Tomás Ó Flatharta

Looking at Things from the Left

Mary Toomey (Valarasan) : “I would consider every child born in this country as Irish”

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On August 12 2020 the Irish Times published an interview with a citizen who came to work study and live in Ireland in 1967.  Her name is Mary Toomey; she was born in Sri  Lanka.  I asked myself : was this the same woman who  got a job teaching in Sandymount High School (SHS), and was known by her pre-marriage surname, Valarasan? I did some searching, found out my guess was correct, and established direct contact. I was one of her SHS pupils, starting in September 1967.

Dr Mary Toomey, an Ecologist

A copy of the interview is at the link below :

https://www.dropbox.com/s/28f3db3uism75fa/Mary%20Toomey%20%28Valarasan%29.pdf?dl=0

See Also https://www.irishtimes.com/life-and-style/people/once-you-are-not-lily-white-or-freckle-skinned-you-are-labelled-as-non-irish-1.4316508

A good description of Sandymount High School, which

was founded in 1947 and was initially controversial because, as a non-denominational school, it wasn’t owned by a church but by the Cannon family[1], who also provided the two headmasters the school had: father and son Patrick and Conall Cannon. Patrick’s wife Eileen Cannon also served as headmistress.

The school’s student body was arguably drawn from several distinct groups: those from a local council estate called Beech Hill, the offspring of parents disenchanted with denominational/same sex schools, students on the Malahide/Howth to Bray rail corridor and the 3 & 18 bus routes, and foreign nationals who paid tuition fees.”

https://en.wikipedia.org/wiki/Sandymount_High_School?wprov=sfti1

In those days, unlike in 2020, very few people born outside Ireland lived and worked in a country famous for exporting its people. The Irish constitution stated that everyone born in Ireland (on both sides of the border dividing Ireland into two states)  automatically was a citizen of the state.

On June 12 2004 voters amended the constitution on a day of shame – the definition of “citizen” changed.

Mary Toomey observes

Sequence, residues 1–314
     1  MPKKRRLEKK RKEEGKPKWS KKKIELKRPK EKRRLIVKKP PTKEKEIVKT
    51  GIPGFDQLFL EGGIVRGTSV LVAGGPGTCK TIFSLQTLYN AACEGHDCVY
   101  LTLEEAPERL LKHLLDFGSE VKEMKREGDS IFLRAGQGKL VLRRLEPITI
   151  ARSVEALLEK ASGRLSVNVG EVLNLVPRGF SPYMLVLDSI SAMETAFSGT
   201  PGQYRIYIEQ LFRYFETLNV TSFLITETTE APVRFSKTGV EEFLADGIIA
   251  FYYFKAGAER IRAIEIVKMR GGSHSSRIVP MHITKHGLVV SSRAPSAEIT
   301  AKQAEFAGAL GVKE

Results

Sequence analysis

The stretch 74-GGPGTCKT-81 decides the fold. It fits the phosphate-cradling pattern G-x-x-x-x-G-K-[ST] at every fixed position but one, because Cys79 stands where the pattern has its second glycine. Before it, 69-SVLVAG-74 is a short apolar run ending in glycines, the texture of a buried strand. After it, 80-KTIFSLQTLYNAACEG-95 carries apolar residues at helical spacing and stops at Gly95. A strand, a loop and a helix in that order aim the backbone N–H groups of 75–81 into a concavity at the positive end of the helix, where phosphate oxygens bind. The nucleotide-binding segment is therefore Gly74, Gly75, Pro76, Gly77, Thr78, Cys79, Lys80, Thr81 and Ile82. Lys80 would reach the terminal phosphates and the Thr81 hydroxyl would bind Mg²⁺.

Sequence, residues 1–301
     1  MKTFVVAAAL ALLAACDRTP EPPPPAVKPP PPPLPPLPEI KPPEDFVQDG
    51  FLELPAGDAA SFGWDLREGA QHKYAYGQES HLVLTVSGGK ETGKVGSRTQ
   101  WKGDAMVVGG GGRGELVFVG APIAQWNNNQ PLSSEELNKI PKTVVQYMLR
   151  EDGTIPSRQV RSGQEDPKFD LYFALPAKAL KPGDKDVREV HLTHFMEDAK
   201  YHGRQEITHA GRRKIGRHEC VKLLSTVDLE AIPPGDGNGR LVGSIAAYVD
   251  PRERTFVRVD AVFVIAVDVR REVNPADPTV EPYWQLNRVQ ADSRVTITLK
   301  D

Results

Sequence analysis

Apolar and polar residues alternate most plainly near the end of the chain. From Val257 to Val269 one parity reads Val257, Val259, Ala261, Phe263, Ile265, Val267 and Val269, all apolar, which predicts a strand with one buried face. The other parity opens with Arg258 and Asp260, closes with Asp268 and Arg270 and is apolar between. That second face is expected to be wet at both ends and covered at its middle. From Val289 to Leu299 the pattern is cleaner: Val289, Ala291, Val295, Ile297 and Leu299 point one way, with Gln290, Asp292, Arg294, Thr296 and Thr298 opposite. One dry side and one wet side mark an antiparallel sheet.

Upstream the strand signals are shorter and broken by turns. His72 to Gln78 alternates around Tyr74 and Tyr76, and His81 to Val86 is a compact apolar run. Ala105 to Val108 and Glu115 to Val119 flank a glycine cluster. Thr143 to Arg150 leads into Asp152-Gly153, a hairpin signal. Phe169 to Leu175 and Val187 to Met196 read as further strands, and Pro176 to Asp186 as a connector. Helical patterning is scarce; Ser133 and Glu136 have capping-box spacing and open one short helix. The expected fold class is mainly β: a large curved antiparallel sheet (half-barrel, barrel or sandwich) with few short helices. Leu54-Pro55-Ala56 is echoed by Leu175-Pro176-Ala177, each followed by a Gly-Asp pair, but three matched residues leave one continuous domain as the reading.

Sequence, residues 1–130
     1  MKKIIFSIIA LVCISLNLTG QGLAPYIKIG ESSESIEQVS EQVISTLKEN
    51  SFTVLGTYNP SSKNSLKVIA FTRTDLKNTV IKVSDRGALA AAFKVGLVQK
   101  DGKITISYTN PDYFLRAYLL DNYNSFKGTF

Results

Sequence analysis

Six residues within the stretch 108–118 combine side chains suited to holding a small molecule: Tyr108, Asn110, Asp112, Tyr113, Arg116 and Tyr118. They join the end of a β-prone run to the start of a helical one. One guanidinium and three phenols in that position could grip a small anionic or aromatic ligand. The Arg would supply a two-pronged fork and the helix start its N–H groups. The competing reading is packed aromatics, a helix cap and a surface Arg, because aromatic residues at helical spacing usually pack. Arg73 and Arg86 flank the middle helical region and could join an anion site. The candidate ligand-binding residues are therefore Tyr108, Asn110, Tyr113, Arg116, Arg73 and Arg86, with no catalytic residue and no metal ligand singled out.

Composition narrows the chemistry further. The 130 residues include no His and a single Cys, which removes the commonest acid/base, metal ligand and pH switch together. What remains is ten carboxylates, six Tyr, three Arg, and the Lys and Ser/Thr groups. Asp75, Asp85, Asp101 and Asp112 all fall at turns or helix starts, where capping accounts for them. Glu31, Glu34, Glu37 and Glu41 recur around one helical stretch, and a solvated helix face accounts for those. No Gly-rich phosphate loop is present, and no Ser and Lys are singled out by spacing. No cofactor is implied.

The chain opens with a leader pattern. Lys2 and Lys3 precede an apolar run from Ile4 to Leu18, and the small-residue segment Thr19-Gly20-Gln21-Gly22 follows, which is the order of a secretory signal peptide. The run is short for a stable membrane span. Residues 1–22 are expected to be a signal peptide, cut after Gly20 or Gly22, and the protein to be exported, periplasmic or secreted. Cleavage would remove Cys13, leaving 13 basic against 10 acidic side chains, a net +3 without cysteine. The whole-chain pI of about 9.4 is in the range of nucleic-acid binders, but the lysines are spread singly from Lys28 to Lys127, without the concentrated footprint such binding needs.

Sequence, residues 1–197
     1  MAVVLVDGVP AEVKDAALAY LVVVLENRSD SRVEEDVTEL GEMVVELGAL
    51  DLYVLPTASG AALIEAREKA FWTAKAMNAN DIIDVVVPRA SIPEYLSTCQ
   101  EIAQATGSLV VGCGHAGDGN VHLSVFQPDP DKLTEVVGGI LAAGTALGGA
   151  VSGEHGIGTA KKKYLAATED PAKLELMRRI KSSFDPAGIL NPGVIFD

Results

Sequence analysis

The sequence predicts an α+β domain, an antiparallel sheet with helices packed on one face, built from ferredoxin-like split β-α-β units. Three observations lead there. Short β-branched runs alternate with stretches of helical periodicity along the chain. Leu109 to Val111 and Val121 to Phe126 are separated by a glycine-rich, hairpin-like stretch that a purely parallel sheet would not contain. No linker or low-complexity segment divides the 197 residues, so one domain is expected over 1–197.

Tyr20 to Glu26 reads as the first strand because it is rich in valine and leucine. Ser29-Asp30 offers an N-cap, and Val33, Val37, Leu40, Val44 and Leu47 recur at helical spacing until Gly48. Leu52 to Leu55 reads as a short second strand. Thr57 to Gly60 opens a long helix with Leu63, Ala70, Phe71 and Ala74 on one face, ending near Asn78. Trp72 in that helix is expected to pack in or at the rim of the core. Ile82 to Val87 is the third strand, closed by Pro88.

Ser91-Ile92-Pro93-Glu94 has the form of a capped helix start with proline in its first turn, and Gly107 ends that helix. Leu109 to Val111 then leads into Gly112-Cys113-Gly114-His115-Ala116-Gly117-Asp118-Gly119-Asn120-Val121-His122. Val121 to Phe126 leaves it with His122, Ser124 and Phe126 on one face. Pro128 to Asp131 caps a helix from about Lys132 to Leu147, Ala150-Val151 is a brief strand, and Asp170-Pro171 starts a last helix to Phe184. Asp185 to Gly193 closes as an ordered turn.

I would consider every child born in this country as Irish. But the problem is, once you are not lily-white or freckle-skinned, you are still labelled as non-Irish or a non-national.”

The protection of children – regardless of nationality, race, caste, creed, physical and mental disability or socio-economic status – should be Ireland’s primary focus, she says. But, 16 years on from the referendum, Dr Toomey says racism towards children of colour in Ireland has become noticeably worse.

I was an activist in the “Vote No” campaign.

Two items arguing against the new citizenship rules are below.

The first is a newspaper article written by Harry Browne.

The second is the text of a leaflet published by the Campaign Against the Racist Referendum.

Perhaps at some time in the near future a successful campaign can be organised to delete the current citizenship rule from the Irish constitution and restore the original wording.

Ireland Should take the lead in Europe

Evening Herald May 29 2004

By Harry Browne

ALTHOUGH I was born in Italy and grew up in New York and New Jersey, I am an Irish citizen. Why? Because I can prove my descent from an alcoholic RIC man who was born in the “Queen’s County” about 120 years ago.

I’m still not sure why my grandfather legged it from what’s now called Laois, and out of Ireland, about 90 years ago.

The “grandfather rule” for citizenship is a way of recognising that Irish people were forced to flee colonial poverty and oppression, but this particular grandfather probably faced more of those horrors in Manhattan than he did on the Auld Sod.

Still, soon after he passed through Ellis Island he met and married a good Wexford woman, and they filled their Hell’s Kitchen tenement with little US-citizen babies, including my Dad.

Plenty of Americans hated immigrants – plenty still do – but the government there had the sense to realise that these babies didn’t belong to some other state.

Whatever the colour of their skin, whatever religious or political beliefs were discussed in whatever language was spoken in their homes, even if their mothers waddled off the boat eight months pregnant, it made sense to recognise US-born children as US citizens. What else?